The late Jeremy Geffen battled serious sexual assault charges more than a decade ago. Now, it looks like there was a dedicated effort to scrub his sordid criminal record from the internet.
Several days ago, music manager Jeremy Nathaniel Geffen passed away at age 40. The premature death is rumored to be the result of a drug overdose, though nothing has been confirmed.
The influential manager worked with several top artists in the industry, including Sean Combs, D12, and Britney Spears. Geffen led Creative Rights Group (CRG) as president and CEO. Founded in 2014, Geffen’s company helped artists recapture and monetize the rights to their work.
At CRG, Geffen aimed to help oldies performers claim their rightful royalties. Those fights are often arduous, with aging artists lacking the sophistication to battle complicated contracts and companies. It seemed like Geffen was doing a lot of good work for deserving artists.
Now, it looks like there’s more to this story.
Just days after Geffen’s death, some pretty heinous criminal activity is surfacing. And according to sources, Geffen’s company may have actively suppressed his troubled past.
What Geffen didn’t want people to remember.
Ten years ago, and long before the #MeToo movement, the Los Angeles Police Department arrested Geffen on suspicion of sexually assaulting two underage girls.
The then-31 year old manager eventually faced a long list of charges. The LAPD charged him with the following:
- 3 counts of rape (1 count under intimidation)
- 2 counts of oral sex with a minor
- 2 counts of sexual intercourse with a minor
- 2 counts of statutory rape
- 2 counts of inducing minors to take a controlled substance (1 count of possession of cocaine, and the other of forcing a minor to consume the drug under the threat of force or violence)
- 1 count of forced oral sex with a minor under 14
- 1 count of oral sex on an intoxicated minor
- 1 count of attempted sodomy with a minor.
The final charge included forced sexual penetration with a foreign object.
The assaults allegedly took place at Geffen’s West Hollywood home and at multiple Hollywood nightclubs. Police had been investigating Geffen since October 2007, when the first girl came forward. He allegedly assaulted the first teenager in December 2006 and again in January 2007.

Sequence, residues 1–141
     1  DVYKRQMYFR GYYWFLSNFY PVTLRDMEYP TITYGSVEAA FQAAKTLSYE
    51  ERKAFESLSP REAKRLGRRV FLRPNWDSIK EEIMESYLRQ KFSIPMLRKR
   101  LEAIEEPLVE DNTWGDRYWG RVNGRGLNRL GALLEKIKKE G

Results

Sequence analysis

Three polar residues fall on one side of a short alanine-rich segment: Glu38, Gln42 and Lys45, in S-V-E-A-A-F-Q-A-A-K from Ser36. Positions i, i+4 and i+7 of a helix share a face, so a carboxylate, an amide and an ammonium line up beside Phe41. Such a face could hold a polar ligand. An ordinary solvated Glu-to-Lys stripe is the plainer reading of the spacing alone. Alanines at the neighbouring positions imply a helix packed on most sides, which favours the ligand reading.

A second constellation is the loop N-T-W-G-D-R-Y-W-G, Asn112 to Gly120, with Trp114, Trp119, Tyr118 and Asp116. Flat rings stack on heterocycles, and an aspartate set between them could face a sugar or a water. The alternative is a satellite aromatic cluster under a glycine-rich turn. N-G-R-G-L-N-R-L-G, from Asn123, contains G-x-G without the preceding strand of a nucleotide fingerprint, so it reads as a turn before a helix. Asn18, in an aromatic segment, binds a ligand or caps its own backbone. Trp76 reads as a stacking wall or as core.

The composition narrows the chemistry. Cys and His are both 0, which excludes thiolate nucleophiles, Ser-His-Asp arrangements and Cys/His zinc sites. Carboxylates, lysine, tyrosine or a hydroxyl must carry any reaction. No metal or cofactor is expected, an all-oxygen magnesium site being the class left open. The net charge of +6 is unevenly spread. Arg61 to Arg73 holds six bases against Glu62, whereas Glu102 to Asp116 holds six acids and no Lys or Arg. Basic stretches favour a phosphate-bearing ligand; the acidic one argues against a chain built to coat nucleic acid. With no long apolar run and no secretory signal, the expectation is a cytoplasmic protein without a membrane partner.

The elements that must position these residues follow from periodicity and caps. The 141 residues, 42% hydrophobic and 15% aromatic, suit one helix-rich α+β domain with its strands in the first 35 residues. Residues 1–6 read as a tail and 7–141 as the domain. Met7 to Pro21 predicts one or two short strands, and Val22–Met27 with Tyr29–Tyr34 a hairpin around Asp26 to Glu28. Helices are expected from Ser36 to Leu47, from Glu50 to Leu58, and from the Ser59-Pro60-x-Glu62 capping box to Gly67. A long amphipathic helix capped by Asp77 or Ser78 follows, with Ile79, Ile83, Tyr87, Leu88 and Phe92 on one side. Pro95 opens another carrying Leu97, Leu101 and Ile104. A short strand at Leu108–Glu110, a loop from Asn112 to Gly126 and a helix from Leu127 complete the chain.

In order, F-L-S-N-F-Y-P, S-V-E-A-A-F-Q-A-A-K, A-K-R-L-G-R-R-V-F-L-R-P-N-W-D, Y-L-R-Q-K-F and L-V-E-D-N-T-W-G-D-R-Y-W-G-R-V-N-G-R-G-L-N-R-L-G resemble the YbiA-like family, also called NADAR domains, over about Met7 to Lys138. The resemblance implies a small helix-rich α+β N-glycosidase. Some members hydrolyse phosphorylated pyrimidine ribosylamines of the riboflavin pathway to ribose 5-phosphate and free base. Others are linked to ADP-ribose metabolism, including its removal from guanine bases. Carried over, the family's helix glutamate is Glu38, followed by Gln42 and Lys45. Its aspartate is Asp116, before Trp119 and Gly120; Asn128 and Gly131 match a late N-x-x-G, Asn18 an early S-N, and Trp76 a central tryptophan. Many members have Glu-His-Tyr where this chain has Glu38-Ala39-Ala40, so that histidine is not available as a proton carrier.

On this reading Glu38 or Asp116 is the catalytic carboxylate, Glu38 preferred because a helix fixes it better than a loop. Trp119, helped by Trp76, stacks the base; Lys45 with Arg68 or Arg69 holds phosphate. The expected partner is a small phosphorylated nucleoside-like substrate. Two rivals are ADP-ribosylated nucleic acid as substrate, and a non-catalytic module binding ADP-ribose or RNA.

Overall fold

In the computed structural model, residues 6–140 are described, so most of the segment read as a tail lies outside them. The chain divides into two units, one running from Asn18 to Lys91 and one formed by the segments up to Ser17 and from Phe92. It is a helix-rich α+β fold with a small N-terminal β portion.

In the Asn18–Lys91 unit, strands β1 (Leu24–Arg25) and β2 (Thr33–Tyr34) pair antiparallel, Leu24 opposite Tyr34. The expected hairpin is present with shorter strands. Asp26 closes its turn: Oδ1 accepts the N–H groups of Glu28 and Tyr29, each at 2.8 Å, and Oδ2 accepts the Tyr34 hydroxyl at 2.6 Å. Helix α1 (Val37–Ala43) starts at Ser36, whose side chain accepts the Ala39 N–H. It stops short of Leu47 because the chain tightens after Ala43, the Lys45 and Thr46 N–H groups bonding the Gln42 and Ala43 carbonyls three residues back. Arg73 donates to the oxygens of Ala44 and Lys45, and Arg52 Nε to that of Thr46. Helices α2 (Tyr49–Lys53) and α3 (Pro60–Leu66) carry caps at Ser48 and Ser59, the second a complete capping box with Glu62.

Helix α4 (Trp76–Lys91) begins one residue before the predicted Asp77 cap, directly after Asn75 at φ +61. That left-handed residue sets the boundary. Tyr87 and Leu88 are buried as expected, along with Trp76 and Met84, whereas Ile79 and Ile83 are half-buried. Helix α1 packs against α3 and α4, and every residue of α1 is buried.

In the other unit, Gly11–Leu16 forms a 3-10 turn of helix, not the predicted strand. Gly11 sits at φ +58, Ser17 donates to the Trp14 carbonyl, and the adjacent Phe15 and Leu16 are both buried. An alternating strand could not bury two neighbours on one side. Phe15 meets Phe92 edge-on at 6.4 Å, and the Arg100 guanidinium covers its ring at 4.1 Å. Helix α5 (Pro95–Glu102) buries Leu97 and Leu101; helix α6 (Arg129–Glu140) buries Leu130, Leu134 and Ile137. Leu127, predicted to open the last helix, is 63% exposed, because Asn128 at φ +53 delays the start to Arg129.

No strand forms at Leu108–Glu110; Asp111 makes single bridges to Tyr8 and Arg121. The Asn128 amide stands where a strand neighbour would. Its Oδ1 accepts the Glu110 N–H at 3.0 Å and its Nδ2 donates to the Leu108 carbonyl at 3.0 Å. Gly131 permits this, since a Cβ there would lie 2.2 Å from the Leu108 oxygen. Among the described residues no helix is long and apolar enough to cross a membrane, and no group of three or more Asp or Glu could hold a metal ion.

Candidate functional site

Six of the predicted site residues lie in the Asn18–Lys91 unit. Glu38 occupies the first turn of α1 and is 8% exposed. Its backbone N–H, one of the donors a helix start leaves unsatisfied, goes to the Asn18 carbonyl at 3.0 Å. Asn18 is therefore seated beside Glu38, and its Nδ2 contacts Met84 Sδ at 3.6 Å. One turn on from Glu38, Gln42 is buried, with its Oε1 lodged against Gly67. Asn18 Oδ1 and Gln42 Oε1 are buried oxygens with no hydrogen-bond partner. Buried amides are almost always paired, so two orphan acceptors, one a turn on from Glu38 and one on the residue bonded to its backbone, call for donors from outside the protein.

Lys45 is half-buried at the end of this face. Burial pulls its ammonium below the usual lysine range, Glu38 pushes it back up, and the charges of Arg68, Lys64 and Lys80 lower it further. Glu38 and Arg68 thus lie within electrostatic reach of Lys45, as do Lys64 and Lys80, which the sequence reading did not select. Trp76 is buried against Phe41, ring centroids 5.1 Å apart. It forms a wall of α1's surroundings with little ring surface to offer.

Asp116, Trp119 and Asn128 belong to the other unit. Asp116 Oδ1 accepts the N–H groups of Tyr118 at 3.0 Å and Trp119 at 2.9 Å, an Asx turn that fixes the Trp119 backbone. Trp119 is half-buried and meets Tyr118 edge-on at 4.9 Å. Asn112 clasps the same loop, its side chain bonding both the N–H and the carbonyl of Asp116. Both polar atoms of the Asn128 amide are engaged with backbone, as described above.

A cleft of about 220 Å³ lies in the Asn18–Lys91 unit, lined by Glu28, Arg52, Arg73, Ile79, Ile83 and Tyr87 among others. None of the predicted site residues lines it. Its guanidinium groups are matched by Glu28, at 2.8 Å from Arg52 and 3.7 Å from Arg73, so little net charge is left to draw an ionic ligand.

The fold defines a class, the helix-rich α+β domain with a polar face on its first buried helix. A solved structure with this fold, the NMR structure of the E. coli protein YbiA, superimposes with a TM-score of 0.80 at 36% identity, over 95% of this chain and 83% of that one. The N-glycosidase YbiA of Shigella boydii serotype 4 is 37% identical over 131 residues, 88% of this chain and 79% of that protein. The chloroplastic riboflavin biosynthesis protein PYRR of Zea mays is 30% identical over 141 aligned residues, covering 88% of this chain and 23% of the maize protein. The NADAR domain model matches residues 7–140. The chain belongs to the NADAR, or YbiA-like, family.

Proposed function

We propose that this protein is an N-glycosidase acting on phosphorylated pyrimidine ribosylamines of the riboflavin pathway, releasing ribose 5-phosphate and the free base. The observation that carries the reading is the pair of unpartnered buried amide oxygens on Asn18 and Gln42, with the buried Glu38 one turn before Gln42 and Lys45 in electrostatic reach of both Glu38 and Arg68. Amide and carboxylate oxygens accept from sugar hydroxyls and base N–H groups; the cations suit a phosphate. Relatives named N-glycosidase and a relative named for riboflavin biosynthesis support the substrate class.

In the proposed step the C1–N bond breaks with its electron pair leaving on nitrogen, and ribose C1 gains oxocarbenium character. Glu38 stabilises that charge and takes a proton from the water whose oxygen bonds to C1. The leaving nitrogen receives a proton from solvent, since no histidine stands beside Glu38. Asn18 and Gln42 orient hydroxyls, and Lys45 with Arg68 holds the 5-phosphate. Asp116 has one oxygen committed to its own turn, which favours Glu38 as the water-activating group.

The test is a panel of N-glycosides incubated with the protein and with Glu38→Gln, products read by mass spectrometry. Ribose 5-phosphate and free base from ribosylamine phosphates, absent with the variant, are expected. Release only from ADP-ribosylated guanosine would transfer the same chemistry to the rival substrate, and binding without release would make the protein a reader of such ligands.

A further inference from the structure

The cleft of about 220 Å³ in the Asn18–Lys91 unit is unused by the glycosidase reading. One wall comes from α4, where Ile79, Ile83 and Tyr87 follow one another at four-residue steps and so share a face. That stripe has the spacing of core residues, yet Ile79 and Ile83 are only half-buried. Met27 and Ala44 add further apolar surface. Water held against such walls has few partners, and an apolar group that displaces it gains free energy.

During the investigation, a second teenager reached out to the LAPD. The two victims didn’t know each other, and the assaults took place at different times. Geffen reportedly assaulted the second girl in November 2007.
Authorities determined that Geffen met the underage girls at several nightclubs in Hollywood. He struck a friendship with them and offered them drugs.
Officers set his bail at $2 million, which he later posted.
Speaking with the Los Angeles Times, Geffen’s attorney, Danny Davis, declared his client’s innocence.
“I strongly respect my client’s presumption of innocence. I like to think I specialize in cases of innocent clients, and that is why I am attracted to this case.”
The music manager pleaded not guilty in court. Unfortunately, things didn’t look good for Geffen. Facing over 20 years in jail, and having to become a registered sex offender upon release, he accepted a plea deal with prosecutors on October 7th, 2008.
Geffen ultimately served a probation period of 5 years. The charges were eventually reduced to misdemeanors.
But, who actively suppressed the news?
Following Geffen’s tragic passing, a source reached out to Digital Music News after we broke the story of his passing. The source told DMN that Geffen’s management firm had actively “scrubbed much of [the news] from the internet.”
The anonymous tipster may have had a point. According to WeHo News, once Geffen finished his probation, he actively went after sites featuring news of the case.
“Geffen… [wants] to “cleanse” his Internet tracks and public image of all images and negative mentions on web sites that he can bully, trick or intimidate into following his agenda.”
The manager’s lawyer allegedly hired a third-party website to remove images – and thus mentions – of Geffen on WeHo News.
It seems to have worked. Mentions of the sexual assault case and plea deal are now very difficult to find. The original WeHo News piece on Geffen’s plea deal has been permanently removed, with no snapshot available on Archive.org.
We did find a few other stories about the incidents, but many were pulled offline. Some were archived. Our source warned us that this was because of the scrubs, though some court paperwork remained. Accordingly, we started digging.
Geffen never officially commented on the news, nor did he issue a formal apology to his victims.
You can check out the case summary below. The charges and plea deal remain publicly available on the Los Angeles Superior Court system.
Featured image by Jeremy Geffen (CC by 4.0)